NOAA Doubles down on its G4 level geomagnetic storm predictions

NEMiss.News Solar explosions affecting earth



The National Oceanic and Atmospheric Administration  (NOAA) has been discussing possible strong geomagnetic storms for the past few days.  Discussions began in the Level 2 vicinity, but continued strong eruptions pointed toward earth from the sun have somewhat raised the ante.  Today, NOAA has issued its first G4 level geomagnetic storm warning since 2005.  In addition to muddying up the function of power grids, GPS, HF radio, etc. there is the (very remote) possibility that the Aurora Borealis could be seen “as far south as Alabama.”

NOAA’s Space Weather Prediction Center (SWPC) — a division of the National Weather Service — is monitoring the sun following a series of solar flares and coronal mass ejections (CMEs) that began on May 8. Space weather forecasters have issued a Severe (G4) Geomagnetic Storm Watch for the evening of Friday, May 10. Additional solar eruptions could cause geomagnetic storm conditions to persist through the weekend.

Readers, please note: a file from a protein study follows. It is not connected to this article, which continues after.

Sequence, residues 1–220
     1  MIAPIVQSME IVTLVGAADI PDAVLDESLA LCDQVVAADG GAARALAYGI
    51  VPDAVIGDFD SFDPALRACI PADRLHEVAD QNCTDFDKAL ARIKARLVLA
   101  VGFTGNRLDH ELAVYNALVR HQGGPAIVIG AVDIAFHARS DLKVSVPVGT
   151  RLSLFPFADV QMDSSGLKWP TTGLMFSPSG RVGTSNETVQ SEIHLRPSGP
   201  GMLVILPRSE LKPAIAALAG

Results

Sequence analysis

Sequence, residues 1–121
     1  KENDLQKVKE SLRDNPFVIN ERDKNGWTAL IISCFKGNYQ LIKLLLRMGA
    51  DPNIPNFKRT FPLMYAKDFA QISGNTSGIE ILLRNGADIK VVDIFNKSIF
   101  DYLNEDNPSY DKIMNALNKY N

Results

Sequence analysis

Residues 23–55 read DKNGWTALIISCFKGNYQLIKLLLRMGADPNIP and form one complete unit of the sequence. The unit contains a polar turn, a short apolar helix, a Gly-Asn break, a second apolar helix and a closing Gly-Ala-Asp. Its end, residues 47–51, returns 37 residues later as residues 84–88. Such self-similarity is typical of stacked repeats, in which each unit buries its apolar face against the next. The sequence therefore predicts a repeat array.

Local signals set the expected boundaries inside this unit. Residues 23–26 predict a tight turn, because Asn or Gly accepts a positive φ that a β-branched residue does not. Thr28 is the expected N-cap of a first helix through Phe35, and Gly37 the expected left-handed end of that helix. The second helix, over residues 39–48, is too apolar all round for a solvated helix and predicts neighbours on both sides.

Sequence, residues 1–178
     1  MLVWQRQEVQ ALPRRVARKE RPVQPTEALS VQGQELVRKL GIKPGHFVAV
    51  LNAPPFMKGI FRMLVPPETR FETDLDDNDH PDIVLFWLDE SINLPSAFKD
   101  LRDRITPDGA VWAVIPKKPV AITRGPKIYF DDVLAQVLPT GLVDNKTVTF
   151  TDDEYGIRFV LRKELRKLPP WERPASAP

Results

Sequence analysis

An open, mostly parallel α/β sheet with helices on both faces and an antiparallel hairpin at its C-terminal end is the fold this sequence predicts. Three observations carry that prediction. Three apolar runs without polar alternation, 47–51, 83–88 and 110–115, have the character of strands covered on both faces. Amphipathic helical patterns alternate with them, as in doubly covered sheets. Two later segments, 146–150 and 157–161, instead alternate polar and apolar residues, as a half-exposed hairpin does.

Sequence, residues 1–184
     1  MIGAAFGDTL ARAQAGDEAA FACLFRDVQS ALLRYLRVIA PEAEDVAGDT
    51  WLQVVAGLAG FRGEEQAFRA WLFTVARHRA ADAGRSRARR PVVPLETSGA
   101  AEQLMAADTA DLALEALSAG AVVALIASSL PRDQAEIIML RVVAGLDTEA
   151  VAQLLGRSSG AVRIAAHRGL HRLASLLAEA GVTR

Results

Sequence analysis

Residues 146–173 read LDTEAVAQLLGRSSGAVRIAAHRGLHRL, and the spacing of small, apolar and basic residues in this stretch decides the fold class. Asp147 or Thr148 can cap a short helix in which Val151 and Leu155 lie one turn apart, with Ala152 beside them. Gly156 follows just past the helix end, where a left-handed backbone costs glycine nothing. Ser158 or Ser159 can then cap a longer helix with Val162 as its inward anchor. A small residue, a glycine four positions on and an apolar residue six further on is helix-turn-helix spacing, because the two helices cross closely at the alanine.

• G4 conditions were observed by SWPC around 12:37 p.m. EDT today and significant to severe geomagnetic storming is likely to continue.
  • (At 2:02 p.m. New Albany time, 5-10-2024)  A Severe (G4) Geomagnetic Storm is still likely this weekend

Always remember that these predictions are the best they can be…considering they are based on events taking place over 90 million miles away.

NOAA: possible effects of the storm:

Induced Currents – Possible widespread voltage control problems and some protective systems may mistakenly trip out key assets from the power grid. Induced pipeline currents intensify.
Spacecraft – Systems may experience surface charging; increased drag on low earth orbit satellites, and tracking and orientation problems may occur.
Navigation – Satellite navigation (GPS) degraded or inoperable for hours.
Radio – HF (high frequency) radio propagation sporadic or blacked out.
Aurora – Aurora may be seen as low as Alabama and northern California.

If you’re interested in checking out the  Northern Lights (remember, it’s highly unlikely around here), most guides say the most likely times will be between 10 p.m. and 2 a.m. Friday night into Saturday morning. Find the darkest location possible, with good views of the northern horizon, and be as far north as possible.

More from NOAA:


0 replies

Leave a Reply

Want to join the discussion?
Feel free to contribute!

Leave a Reply

This site uses Akismet to reduce spam. Learn how your comment data is processed.